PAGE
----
A. In Anderson v. United States, 417 U.S. 211, 94 S.Ct. 2253, 41 L.Ed.2d 20 (1974), the United States Supreme Court declined to decide whether Sec. 241 applies to a conspiracy to cast false votes in state and local elections. The Court observed that petitioners there committed vote fraud in a primary election where voters nominated candidates for the United States Senate and House of Representatives, as well as candidates for state and local offices. In upholding the convictions, the Court stated:
We think this evidence amply supported the jury's conclusion that each of the petitioners knowingly participated in a conspiracy which contemplated the casting of false votes for all offices at issue in the election. The evidence at trial tended to show a single conspiracy, the primary objective of which was to have false votes cast for Hager but which also encompassed the casting of false votes for candidates for all other offices, including Senator Byrd and Representative Hechler. True, there was little discussion among the conspirators of the federal votes per se, just as there was little discussion of the Hager votes in and of themselves, but the jury could believe this was only a reflection of the conspirators' underlying assumption that false votes would have to be cast for entire slates of candidates in order to have their fraud go undetected.
In our view, petitioners err in seeking to attach significance to the fact that the primary motive behind their conspiracy was to affect the result in the local rather than the federal election. A single conspiracy may have several purposes, but if one of them--whether primary or secondary--be the violation of a federal law, the conspiracy is unlawful under federal law. See Ingram v. United States, 360 U.S. at 679-680 [79 S.Ct. 1314, 1319-1320, 3 L.Ed.2d 1503]. It has long been settled that Sec. 241 embraces a conspiracy to stuff the ballot box at an election for federal officers, and thereby to dilute the value of votes of qualified voters; see United States v. Saylor, 322 U.S. 385 [64 S.Ct. 1101, 88 L.Ed. 1341] (1944). See also United States v. Mosley, 238 U.S. 383 [35 S.Ct. 904, 59 L.Ed. 1355] (1915). This applies to primary as well as general elections. See United States v. Classic, 313 U.S. 299 [61 S.Ct. 1031, 85 L.Ed. 1368] (1941).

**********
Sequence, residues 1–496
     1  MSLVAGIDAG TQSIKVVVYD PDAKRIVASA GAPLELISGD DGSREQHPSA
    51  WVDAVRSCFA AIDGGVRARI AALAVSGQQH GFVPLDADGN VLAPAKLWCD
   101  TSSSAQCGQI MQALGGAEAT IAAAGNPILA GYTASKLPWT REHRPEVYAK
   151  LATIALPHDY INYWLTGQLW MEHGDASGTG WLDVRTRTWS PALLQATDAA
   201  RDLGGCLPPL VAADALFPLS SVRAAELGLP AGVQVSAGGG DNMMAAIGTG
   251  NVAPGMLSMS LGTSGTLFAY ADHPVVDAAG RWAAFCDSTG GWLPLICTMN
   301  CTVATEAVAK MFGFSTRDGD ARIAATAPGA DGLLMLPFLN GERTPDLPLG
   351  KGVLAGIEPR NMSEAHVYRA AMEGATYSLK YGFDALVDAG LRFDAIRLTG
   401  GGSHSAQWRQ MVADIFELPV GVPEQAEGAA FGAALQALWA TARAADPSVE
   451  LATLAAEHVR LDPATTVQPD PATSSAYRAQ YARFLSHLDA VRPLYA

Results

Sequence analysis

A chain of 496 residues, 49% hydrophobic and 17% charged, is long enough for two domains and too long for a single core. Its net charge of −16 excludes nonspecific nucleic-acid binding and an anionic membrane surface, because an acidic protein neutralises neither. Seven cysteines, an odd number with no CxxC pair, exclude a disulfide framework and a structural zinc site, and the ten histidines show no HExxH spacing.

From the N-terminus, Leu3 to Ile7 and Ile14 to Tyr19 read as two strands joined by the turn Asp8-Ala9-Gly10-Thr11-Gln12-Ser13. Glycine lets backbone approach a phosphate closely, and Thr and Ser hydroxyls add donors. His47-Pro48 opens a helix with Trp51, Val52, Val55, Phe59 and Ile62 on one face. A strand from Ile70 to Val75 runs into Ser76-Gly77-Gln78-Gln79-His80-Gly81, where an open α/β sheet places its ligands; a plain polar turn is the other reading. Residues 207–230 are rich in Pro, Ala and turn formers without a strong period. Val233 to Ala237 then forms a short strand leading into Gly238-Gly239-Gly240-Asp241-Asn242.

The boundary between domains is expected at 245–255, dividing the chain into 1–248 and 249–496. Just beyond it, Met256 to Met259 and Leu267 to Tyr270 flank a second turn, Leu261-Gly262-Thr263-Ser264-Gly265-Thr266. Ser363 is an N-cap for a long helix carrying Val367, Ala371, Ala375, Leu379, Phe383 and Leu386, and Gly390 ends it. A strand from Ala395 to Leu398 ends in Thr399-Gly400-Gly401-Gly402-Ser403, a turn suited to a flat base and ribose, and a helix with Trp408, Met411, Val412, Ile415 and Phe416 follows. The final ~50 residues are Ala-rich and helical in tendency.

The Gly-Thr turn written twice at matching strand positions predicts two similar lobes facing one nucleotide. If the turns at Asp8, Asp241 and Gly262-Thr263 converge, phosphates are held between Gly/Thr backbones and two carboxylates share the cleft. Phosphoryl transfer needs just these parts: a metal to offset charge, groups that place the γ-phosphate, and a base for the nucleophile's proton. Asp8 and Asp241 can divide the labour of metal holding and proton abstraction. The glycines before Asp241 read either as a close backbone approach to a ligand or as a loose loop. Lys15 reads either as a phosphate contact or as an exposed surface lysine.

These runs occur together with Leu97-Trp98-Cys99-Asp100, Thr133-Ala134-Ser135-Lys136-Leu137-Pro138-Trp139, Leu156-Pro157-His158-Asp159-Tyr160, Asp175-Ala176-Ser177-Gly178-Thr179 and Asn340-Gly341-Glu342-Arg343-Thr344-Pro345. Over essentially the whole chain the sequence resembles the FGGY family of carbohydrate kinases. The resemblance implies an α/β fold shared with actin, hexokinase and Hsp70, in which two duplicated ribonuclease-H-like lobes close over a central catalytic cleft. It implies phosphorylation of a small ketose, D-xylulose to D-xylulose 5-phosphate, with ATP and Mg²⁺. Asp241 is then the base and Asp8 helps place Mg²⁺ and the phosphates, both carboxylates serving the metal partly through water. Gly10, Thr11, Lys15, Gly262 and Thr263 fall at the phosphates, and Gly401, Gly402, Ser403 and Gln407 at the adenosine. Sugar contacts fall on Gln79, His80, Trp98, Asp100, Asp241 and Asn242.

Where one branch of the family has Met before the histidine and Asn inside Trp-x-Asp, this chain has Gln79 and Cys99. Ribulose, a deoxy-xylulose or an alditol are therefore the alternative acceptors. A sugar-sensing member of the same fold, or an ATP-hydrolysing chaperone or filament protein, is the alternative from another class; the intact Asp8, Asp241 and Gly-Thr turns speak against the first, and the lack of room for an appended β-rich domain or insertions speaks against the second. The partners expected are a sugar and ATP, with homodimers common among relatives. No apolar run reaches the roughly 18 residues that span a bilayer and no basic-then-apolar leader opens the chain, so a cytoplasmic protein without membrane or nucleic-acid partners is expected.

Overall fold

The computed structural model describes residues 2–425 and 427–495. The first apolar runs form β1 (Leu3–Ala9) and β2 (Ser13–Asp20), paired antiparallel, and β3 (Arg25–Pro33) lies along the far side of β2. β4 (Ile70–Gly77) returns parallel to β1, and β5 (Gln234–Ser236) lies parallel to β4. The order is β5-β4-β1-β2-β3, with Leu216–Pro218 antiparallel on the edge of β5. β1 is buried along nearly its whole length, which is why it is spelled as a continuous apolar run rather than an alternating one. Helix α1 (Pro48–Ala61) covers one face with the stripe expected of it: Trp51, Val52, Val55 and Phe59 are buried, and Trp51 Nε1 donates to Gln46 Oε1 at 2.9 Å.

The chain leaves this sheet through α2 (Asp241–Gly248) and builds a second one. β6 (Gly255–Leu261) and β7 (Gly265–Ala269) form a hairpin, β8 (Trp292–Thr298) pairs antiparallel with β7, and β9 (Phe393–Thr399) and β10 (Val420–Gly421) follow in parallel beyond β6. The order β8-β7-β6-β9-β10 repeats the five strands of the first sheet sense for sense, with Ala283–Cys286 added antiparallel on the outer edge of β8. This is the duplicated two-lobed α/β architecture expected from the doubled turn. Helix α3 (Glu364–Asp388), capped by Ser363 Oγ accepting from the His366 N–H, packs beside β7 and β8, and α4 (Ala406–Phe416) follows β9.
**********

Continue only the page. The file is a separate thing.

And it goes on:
[E]ven assuming, arguendo, that Sec. 241 is limited to conspiracies to cast false votes for candidates for federal offices, we could find no plain error here. The prosecution's case, as indicated earlier, showed a single conspiracy to cast entire slates of false votes.
417 U.S. at 225-226, 227-228, 94 S.Ct. at 2262-2263, 2264-2265.
We reach the same conclusion. As in Anderson, the prosecution in the case before us proved a conspiracy to cast false votes for all offices on the ballot, including that of member of the United States House of Representatives. Thus, the Government presented evidence sufficient for the jury to find a violation of 18 U.S.C. Sec. 241.
Our disposition of appellant's first argument is consistent with the case law of this Circuit. See United States v. Bradberry, 517 F.2d 498 (7th Cir.1975); United States v. Bryant, 516 F.2d 307 (7th Cir.1975); United States v. Barker, 514 F.2d 1077 (7th Cir.1975).